Our team shares four critical qualities to seek out in your UX and design hires. Visual Logic partner Andy Van Fleet and Director of UX Design, Kayla Byington answer how you identify and suss out these four qualities during the interview process.
What to look for in a UX hire
When interviewing for User Experience (UX) hires, consider including the prompts below to gauge whether the candidate embodies the 4 most important qualities of a UX hire, as established by Visual Logic:
Find out if your candidate is empathetic:
- Can they walk in someone else’s shoes?
- Prompt: “Tell me about a time where you learned of a user challenge, firsthand.”
- Can they read the room?
- Prompt: “Tell me about a time you tried to present your work and the audience didn’t understand. What did you do?”
- Do they know how to listen?
- Prompt: “Tell me about the user research you’ve conducted.”
Find out if your candidate is a problem-solver:
- Can they think on their feet?
- Prompt: “Tell me about a time when you were put on the spot and were completely unprepared.”
- Can they work with minimal information?
- Prompt: “How do you work when you have 25% of the information you think you need and you can’t afford user research?”
- Are they creative?
- Prompt: “Tell me about a time when the ideal solution was going to be too expensive, but the problem still needed to be fixed?”
- Can they stop a bad idea from moving ahead?
- Prompt: “Tell me about a time you stopped work from moving forward because you knew it was wrong.”
Find out if your candidate is a good communicator:
- Can they tell you the ‘why’?
- Prompt: “Please tell me about this project. How did it come to be?”
- Can they tell a story?
- Prompt: “Why was this so important to the user?”
- Can they facilitate an outcome?
- Prompt: Tell me about the last time you led a meeting. What was your agenda? Did you achieve your goal? How did you do it?
- Are they genuine?
- No prompt or question. You have to use your BS meter on this one, and trust it.
Find out if your candidate is humble:
- Do they use “me” and “I” sparingly when talking about their work? Instead, are they using “we” and “us” language?
- Prompt: “What is the greatest project you’ve ever worked on, the one you’re most proud of, and why?”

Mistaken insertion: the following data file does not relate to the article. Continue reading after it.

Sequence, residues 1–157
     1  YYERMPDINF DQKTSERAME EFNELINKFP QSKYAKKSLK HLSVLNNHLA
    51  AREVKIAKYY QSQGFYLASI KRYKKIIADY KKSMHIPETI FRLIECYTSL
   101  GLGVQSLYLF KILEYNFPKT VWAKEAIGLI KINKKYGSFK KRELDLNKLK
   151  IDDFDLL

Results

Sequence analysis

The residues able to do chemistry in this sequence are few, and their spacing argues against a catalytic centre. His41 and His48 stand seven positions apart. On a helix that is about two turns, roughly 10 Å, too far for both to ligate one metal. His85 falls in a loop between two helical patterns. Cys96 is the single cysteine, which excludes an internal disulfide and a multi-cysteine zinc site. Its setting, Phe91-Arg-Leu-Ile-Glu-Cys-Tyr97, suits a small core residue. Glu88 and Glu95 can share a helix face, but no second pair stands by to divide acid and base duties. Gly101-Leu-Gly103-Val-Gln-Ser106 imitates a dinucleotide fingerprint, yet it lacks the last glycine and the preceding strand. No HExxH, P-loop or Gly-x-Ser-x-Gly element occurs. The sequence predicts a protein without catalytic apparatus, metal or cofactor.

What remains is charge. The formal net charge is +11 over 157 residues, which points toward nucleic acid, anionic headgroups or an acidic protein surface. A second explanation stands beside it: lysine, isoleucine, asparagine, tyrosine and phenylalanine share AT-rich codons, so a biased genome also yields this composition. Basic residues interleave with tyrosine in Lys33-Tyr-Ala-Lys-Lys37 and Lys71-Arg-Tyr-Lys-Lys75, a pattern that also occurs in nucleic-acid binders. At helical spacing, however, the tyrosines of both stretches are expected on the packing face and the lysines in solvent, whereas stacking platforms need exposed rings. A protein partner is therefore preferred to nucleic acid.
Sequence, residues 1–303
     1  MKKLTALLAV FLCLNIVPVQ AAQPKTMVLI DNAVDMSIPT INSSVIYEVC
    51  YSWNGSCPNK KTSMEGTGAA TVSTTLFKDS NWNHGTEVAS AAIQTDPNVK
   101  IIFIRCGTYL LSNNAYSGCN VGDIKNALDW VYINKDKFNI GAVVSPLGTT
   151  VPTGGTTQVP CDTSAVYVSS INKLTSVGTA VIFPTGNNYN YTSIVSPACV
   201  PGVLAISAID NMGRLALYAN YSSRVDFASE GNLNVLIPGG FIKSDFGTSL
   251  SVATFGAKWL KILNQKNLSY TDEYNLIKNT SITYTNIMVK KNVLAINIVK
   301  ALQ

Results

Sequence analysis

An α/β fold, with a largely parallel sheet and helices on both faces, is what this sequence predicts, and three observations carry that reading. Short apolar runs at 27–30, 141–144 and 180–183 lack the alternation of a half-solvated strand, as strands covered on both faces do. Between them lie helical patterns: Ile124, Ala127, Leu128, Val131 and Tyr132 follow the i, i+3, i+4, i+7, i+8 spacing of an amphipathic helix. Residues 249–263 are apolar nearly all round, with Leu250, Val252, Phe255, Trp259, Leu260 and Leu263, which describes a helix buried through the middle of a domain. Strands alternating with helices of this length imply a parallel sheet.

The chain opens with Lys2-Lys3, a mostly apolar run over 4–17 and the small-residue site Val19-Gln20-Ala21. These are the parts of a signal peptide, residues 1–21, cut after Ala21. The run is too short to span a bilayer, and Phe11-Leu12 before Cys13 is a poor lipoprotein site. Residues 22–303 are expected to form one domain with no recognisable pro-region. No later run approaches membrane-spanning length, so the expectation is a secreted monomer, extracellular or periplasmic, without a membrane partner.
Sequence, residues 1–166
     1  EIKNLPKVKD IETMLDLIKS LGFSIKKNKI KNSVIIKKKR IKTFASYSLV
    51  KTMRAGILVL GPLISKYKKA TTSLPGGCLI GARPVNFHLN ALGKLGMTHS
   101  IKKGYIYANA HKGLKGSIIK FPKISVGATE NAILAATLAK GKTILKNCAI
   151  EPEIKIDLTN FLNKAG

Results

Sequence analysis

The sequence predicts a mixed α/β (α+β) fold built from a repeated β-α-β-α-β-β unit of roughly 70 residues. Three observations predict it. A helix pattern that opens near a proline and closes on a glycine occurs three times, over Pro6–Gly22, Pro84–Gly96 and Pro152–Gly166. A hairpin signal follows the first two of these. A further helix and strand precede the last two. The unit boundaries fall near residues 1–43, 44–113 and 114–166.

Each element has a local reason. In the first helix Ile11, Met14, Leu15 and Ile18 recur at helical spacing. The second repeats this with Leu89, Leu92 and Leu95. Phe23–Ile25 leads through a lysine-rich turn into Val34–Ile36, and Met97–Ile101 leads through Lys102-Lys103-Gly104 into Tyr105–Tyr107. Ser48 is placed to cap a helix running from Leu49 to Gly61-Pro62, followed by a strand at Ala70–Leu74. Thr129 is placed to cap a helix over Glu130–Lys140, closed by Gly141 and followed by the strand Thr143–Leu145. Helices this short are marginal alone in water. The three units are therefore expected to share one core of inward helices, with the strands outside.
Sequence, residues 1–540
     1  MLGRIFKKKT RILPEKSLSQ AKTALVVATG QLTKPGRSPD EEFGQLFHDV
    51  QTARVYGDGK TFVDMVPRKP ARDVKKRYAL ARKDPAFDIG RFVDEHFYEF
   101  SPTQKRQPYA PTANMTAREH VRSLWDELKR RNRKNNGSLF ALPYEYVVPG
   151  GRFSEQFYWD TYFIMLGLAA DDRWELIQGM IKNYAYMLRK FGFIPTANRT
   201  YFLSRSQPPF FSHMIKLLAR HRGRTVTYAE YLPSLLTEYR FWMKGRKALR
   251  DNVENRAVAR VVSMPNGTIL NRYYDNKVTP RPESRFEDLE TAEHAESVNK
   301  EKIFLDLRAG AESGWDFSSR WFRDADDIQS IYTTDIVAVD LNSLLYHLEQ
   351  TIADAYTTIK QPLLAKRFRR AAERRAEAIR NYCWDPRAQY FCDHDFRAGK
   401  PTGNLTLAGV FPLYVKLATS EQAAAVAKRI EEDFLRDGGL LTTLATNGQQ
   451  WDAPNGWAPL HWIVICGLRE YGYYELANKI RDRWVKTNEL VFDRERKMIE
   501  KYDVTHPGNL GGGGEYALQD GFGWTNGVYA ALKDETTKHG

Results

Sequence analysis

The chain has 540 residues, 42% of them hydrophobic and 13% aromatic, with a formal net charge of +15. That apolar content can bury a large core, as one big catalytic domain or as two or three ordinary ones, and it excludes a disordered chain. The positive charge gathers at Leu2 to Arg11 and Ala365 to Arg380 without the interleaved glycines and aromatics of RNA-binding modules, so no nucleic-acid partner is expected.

- Can they talk about failures they’ve learned from?
- Prompt: “What is your biggest professional disaster, and why?”
- Can they admit when they don’t know?
- Prompt: “Have you ever had to tell your client or boss that you didn’t have the answer?”
Andy: Joining me today is Kayla Byington. Kayla, we’ve been working together for 12 years now on some pretty amazing projects and have gone through a lot of, interesting times as Visual Logic. Together, as a group and have hired a lot of interesting people.
And we’re gonna talk today about how to hire for UX talent, and the tips and tricks to kind of go about bringing on the best possible talent. So Kayla welcome.
Kayla Byington: Yeah, thanks. I mean, overall, I think we’ve done a pretty good job. The past 12 years. We’ve had a lot of fun with the people we’ve hired. We’ve gotten it wrong a few times.
Andy: We have. Yeah, but we’ve learned a lot along the way, a
Kayla Byington: a lot. Yeah.
Andy: Sometimes I describe our group as, um, a family. And I think that when people hear me say that they think it’s BS and in a recent, , interview with one of our recent hires, uh, she wanted to know what the culture was like here.
And I know that we’re not talking about culture today, but this is part of the hiring process. And I said It’s really like a family, but I don’t want you to hear that from me. I want you to hear it from other people in the organization. So she went and talked with, I think, three other people and had one hour interviews with them where she could just ask questions of the team and to see like, what is visual logic really like and what makes us tick?